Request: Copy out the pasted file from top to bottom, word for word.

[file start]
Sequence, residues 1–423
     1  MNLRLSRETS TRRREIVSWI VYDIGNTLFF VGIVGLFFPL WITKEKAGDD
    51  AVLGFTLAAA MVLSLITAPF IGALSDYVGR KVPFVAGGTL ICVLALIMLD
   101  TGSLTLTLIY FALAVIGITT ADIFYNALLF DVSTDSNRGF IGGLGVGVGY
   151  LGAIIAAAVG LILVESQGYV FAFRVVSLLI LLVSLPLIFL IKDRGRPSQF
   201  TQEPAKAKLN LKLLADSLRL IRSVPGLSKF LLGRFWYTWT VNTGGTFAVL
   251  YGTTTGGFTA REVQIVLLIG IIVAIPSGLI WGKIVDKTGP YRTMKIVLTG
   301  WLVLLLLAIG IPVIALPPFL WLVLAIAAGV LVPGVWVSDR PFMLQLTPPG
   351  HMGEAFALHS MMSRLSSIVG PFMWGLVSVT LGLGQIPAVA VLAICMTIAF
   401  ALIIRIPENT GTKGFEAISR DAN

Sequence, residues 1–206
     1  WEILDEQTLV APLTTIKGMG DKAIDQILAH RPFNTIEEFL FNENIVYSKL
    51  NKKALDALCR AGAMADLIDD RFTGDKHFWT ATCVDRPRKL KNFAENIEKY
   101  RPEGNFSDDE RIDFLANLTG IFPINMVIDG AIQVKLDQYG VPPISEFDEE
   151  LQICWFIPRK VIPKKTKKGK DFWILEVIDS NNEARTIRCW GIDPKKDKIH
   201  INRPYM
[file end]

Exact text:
Sequence, residues 1–423
     1  MNLRLSRETS TRRREIVSWI VYDIGNTLFF VGIVGLFFPL WITKEKAGDD
    51  AVLGFTLAAA MVLSLITAPF IGALSDYVGR KVPFVAGGTL ICVLALIMLD
   101  TGSLTLTLIY FALAVIGITT ADIFYNALLF DVSTDSNRGF IGGLGVGVGY
   151  LGAIIAAAVG LILVESQGYV FAFRVVSLLI LLVSLPLIFL IKDRGRPSQF
   201  TQEPAKAKLN LKLLADSLRL IRSVPGLSKF LLGRFWYTWT VNTGGTFAVL
   251  YGTTTGGFTA REVQIVLLIG IIVAIPSGLI WGKIVDKTGP YRTMKIVLTG
   301  WLVLLLLAIG IPVIALPPFL WLVLAIAAGV LVPGVWVSDR PFMLQLTPPG
   351  HMGEAFALHS MMSRLSSIVG PFMWGLVSVT LGLGQIPAVA VLAICMTIAF
   401  ALIIRIPENT GTKGFEAISR DAN

Sequence, residues 1–206
     1  WEILDEQTLV APLTTIKGMG DKAIDQILAH RPFNTIEEFL FNENIVYSKL
    51  NKKALDALCR AGAMADLIDD RFTGDKHFWT ATCVDRPRKL KNFAENIEKY
   101  RPEGNFSDDE RIDFLANLTG IFPINMVIDG AIQVKLDQYG VPPISEFDEE
   151  LQICWFIPRK VIPKKTKKGK DFWILEVIDS NNEARTIRCW GIDPKKDKIH
   201  INRPYM